UNITED STATES DISTRICT COURT NORTHERN DISTRICT OF INDIANA HAMMOND DIVISION JAMES NEWMAN, Plaintiff/Counterclaim-Defendant, v. Case No.: 2:12-CV-248-JVB-PRC GAGAN, LLC, and THINK TANK SOFTWARE DEVELOPMENT CORP., Defendants/Counterclaimants. OPINION AND ORDER Following his employment termination in June 2011, Plaintiff James Newman sued three Gagans: Gagan, LLC, Laurie Gagan, and James Gagan, Jr.1 Plaintiff also sued Think Tank Software Development Corporation. Plaintiff’s only remaining claims are for violations of the Americans with Disabilities Act, as amended, and for wrongful discharge in retaliation for pursuing worker’s compensation. Defendants Gagan and Think Tank responded with counterclaims for breach of an employment agreement, breach of a confidentiality agreement, conversion, and computer trespass. The parties traded motions for summary judgment.                                                              1 Laurie and James Gagan are no longer parties to this case. As a result, this order uses “Gagan” without a first name to refer to Gagan, LLC.  A. Facts When considering motions for summary judgment, the Court views the facts in the light most favorable to the non-moving party. Here, that light shifts because all remaining parties moved for summary judgment. The Court’s Opinion and Order entered on March 28, 2013, summarizes the allegations in Plaintiff Newman’s complaint. (DE 38.) The Court now presents a brief summary of the facts, synthesizing the complaint, counterclaims, and summary judgment briefing. Before his employment at Gagan and Think Tank, Newman suffered from ADHD, anxiety, and depression, for which he took prescribed medications. Newman entered into an Employment Agreement and Confidentiality Agreement with Gagan, and Think Tank in May 2010. Newman served as an “Accounting Business Analyst.” In the early, halcyon days, Newman intended to remain with the “Gagan Family of Companies” until retirement. (Compl., DE 1, ¶ 17.) As early as July 6, 2010, Newman occasionally worked remotely for Defendants. (Pl.’s App., DE 90, ¶ 68.) Newman claims Defendants authorized him to use Microsoft Outlook remotely, which automatically saved to his personal computer a copy of all work-related emails sent to or received by Newman. (Id. at ¶¶ 69, 86.) Defendants dispute this. (Defs.’ Br. Supp. Mot. Summ. J., DE 93, ¶¶ 75–77.) In January 2011, Newman slipped and fell and injured his left leg. Defendants allowed Newman to go on an unpaid leave of absence to heal. (Id., ¶ 28.) He made a claim with Gagan’s worker’s compensation insurance provider regarding this injury. He claims he performed essential functions of his accounting position from home from January through March 2011. 2   (Pl.’s App., DE 90, ¶ 50.) In March 2011, Newman told Laurie Gagan that he and his family would travel to the United Kingdom for two weeks. The doctor released Newman to return to work with restrictions on April 18, 2011. Newman claims he asked for accommodation of these medical restrictions. (Compl., DE 1, ¶ 23.) CNA (which was paying Newman temporary total disability benefits) set an accommodation meeting between Newman and Gagan for April 18, 2011. But, according to Newman, Jim Gagan cancelled it after Defendants learned Newman had retained legal counsel. (Pl.’s App., DE 90, ¶¶ 34–36.) Newman claims Defendants refused to accommodate him. (Compl, DE 1, ¶ 27.) Around June 8, 2011, Defendants informed Newman they had eliminated his position, and placed him on a leave of absence. Defendants retained their other accountant, Jennifer Jimenez. Defendants said they would consider him for future openings once his doctor “fully released” him to return to work. (Id. ¶ 29.) According to Defendants, Gagan’s business declined from 2010 until the company closed in 2014. (Defs.’ Br. Supp. Mot. Summ. J., DE 93, ¶ 52.) Newman returned to work around June 21, 2011, as an “Assistant Marketing Room Manager,” with a decreased rate of pay. Newman did not have managerial duties in the marketing room, but worked as a telemarketer. Newman claims he performed satisfactorily during his first week as a telemarketer. (Compl., DE 1, ¶ 42.) But Defendants claim he committed numerous policy violations, including tardiness and insubordination. (Defs.’ Br. Supp. Mot. Summ. J., DE 93, ¶¶ 58–71.) Around June 28, 2011, Defendants terminated Newman. Defendants demanded he return “all property, equipment, lists, books, records, or other materials of Gagan, LLC , d/b/a DirectBuy of Southlake, or Think Tank Software Development.” 3   (Pl.’s App., DE 90, ¶ 64, citing DE 53 at 12, and DE 51-1 at 52–53.) Newman claims he complied with this request. Defendants claim he did not. B. Pending claims and procedural posture Plaintiff’s only claims that survived the dismissal orders (DEs 38 and 67) are counts I and III of the complaint, against only Defendants Gagan and Think Tank:  Count I brings claims under the Americans with Disabilities Act, as amended, for failure to accommodate, disparate treatment, and retaliation, culminating in termination.  Count III brings a claim for wrongful discharge in retaliation for pursuing a worker’s compensation claim. Gagan and Think Tank bring four counterclaims against Plaintiff arising out of his handling of Defendants’ electronic information:  First cause of action: breach of contract—Employment Agreement. Defendants claim Plaintiff breached the Employment Agreement by failing to return all property belonging to the Defendants, and by performing work for others while employed by Defendants.  Second cause of action: breach of contract—Confidentiality Agreement. Defendants claim Plaintiff breached the Confidentiality Agreement by disclosing protected information to outside third parties, maintaining possession of electronic or physical copies of documents containing protected information, and using protected information for his own purposes.  Third cause of action: conversion. Defendants claim that after termination, Plaintiff kept, and continues to retain, property belonging to Defendants, despite written demand for return.  Fourth cause of action: computer trespass. Defendants claim Plaintiff knowingly and intentionally accessed Defendants’ computers, e-mail systems, and network without consent. 4   Newman moved for summary judgment twice: as Plaintiff and as Counterclaim Defendant. (DEs 85 and 87.) Defendants also moved for summary judgment. (DE 92.) C. Summary judgment standard The Federal Rules of Civil Procedure mandate that motions for summary judgment be granted “if the pleadings, depositions, answers to interrogatories, and admissions on file, together with the affidavits, if any, show that there is no genuine issue as to any material fact and that the moving party is entitled to a judgment as a matter of law.” Fed. R. Civ. P. 56(c). A party seeking summary judgment bears the initial responsibility of informing a court of the basis for its motion and identifying those portions of the pleadings, depositions, answers to interrogatories, and admissions on file, together with the affidavits, if any, which it believes demonstrate the absence of a genuine issue of material fact. Celotex Corp. v. Catrett, 477 U.S. 317, 323 (1986). Once a properly supported motion for summary judgment is made, the non-moving party cannot resist the motion and withstand summary judgment by merely resting on its pleadings. Fed. R. Civ. P. 56(e); Donovan v. City of Milwaukee, 17 F.3d 944, 947 (7th Cir. 1994). In viewing the facts presented on a motion for summary judgment, a court must construe all facts in a light most favorable to the non-moving party and draw all legitimate inferences and resolve all doubts in favor of that party. NLFC, Inc. v. Devcom Mid-Am., Inc., 45 F.3d 231, 234 (7th Cir. 1995). A court’s role is not to evaluate the weight of the evidence, to judge the credibility of witnesses, or to determine the truth of the matter, but instead to determine whether there is a genuine issue of triable fact. Anderson v. Liberty Lobby, 477 U.S. 242, 249–50 (1986). 5   D. Discussion Newman, Gagan, and Think Tank all seek summary judgment. But multiple genuine issues of material fact preclude summary judgment. There are genuine issues of material fact regarding whether the ADA applies to Think Tank, regarding whether Newman was a qualified individual with a disability at all relevant times, regarding whether Defendants caused a breakdown in the interactive process regarding accommodations, regarding the nature of the leave, regarding the date Newman could first have returned to work with accommodations, regarding the context and meaning of various statements, regarding the reasons for Newman’s termination, regarding the scope of Newman’s authority to access Defendants’ computer systems, regarding the process by which Newman’s personal computer acquired Defendants’ electronic information, regarding the characterization of various sections of deposition testimony, and regarding other issues. Construing the facts in the light most favorable to the non-moving parties, and resolving ambiguities in their favor, the Court cannot conclude that any party is entitled to judgment as a matter of law. But there is one small exception. Newman asks the Court to enter an order determining as a matter of law that during relevant times Defendant Gagan, standing alone, met the ADA’s definition of an “employer.” Gagan acquiesces. (Defs. Br. Opp’n Pl.’s Mot. Partial Summ. J., DE 111 at 16.) Therefore, the Court concludes that Gagan, standing alone, met the ADA’s definition of an “employer” during the relevant time period. 6   E. Conclusion Accordingly, the Court DENIES the motions for summary judgment (DEs 85, 87, and 92), with the small exception noted above. SO ORDERED on September 22, 2016. s/ Joseph S. Van Bokkelen JOSEPH S. VAN BOKKELEN UNITED STATES DISTRICT JUDGE 7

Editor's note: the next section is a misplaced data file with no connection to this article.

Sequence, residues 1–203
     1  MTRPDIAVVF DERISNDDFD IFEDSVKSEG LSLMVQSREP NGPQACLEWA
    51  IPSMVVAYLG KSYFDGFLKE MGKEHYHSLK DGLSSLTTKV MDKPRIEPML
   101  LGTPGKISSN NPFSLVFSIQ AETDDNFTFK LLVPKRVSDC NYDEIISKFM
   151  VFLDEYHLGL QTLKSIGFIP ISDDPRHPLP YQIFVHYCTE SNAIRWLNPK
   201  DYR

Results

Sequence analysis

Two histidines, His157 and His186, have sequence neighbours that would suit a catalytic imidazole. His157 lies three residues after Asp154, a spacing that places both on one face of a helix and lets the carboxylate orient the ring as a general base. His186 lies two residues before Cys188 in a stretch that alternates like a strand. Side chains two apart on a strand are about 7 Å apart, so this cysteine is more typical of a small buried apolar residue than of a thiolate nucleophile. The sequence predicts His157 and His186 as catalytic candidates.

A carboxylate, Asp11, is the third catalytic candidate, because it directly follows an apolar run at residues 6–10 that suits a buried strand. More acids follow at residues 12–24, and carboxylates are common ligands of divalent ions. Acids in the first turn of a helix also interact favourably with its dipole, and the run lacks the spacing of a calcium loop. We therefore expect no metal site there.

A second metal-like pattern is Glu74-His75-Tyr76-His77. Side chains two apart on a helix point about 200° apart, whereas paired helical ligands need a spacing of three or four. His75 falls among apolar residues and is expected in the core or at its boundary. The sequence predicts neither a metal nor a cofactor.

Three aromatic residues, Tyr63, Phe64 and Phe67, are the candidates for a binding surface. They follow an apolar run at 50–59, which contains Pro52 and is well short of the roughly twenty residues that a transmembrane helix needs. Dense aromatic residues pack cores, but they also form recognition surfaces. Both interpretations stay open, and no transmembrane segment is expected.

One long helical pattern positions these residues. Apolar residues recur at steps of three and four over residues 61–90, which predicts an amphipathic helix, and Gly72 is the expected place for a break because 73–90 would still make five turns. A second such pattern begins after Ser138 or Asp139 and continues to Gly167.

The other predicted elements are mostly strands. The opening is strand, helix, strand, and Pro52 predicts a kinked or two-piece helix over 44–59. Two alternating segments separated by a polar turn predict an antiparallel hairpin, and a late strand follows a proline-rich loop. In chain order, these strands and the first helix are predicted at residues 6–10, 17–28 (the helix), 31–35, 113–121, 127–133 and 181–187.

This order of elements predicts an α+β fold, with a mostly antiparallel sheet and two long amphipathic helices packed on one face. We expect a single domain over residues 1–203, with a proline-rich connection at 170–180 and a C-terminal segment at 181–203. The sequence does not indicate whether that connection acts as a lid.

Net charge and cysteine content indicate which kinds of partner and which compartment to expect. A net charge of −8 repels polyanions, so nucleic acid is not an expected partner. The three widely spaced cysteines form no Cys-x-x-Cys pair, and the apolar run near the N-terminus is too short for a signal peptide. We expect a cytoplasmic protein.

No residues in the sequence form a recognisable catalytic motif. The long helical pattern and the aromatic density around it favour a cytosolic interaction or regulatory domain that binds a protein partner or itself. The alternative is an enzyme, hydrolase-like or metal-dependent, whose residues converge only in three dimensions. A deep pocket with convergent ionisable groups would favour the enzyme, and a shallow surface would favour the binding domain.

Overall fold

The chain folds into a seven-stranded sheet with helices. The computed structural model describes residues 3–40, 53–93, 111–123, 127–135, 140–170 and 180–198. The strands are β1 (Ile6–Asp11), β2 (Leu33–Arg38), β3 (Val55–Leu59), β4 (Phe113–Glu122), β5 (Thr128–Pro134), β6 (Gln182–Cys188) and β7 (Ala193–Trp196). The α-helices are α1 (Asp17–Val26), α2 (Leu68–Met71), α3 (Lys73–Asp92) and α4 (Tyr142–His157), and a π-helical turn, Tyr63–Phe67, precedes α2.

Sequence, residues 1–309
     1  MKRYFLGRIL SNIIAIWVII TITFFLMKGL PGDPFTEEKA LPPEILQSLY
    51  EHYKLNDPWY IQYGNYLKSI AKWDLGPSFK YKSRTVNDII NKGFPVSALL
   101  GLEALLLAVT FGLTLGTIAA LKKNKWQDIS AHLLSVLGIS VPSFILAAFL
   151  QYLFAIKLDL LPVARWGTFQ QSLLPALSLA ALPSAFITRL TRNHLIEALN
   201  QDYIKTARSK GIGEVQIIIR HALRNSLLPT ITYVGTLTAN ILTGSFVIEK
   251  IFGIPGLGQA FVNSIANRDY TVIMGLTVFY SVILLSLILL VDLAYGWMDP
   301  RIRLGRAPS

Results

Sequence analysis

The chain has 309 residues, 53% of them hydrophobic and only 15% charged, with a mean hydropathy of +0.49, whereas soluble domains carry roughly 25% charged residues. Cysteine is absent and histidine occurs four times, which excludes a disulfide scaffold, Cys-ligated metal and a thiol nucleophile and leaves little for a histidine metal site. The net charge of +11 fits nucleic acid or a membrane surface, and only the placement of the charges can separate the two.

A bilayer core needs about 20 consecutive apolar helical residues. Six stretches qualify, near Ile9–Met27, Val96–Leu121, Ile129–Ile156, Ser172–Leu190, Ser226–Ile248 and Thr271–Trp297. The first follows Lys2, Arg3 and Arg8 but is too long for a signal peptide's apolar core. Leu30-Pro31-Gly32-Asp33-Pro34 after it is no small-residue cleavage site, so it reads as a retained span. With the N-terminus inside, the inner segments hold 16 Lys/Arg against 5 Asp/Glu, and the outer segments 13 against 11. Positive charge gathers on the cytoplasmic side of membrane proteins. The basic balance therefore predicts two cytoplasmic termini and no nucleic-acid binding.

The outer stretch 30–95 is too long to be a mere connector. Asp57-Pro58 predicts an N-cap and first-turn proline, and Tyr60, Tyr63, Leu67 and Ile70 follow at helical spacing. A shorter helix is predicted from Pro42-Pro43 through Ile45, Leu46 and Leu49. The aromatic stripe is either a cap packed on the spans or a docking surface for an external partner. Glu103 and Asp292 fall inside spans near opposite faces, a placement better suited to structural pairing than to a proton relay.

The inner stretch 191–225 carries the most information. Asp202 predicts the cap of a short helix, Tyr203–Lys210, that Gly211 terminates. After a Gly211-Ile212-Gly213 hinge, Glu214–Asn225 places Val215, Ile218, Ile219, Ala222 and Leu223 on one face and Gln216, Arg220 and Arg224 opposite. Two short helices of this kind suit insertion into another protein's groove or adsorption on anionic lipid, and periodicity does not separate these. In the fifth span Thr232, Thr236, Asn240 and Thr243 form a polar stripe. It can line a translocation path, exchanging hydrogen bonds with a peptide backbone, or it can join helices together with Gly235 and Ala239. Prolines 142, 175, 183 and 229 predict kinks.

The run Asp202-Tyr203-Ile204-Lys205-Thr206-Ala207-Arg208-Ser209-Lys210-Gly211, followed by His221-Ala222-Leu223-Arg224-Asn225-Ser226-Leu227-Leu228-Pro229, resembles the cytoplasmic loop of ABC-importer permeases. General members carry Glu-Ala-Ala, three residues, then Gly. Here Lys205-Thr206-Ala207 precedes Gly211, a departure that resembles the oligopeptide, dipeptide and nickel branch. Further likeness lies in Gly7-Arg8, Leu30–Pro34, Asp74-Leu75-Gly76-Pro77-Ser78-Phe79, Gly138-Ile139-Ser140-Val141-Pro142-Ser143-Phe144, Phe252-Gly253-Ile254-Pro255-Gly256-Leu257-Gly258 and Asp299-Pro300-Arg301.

Disclaimer: Justia Dockets & Filings provides public litigation records from the federal appellate and district courts. These filings and docket sheets should not be considered findings of fact or liability, nor do they necessarily reflect the view of Justia.

Why Is My Information Online?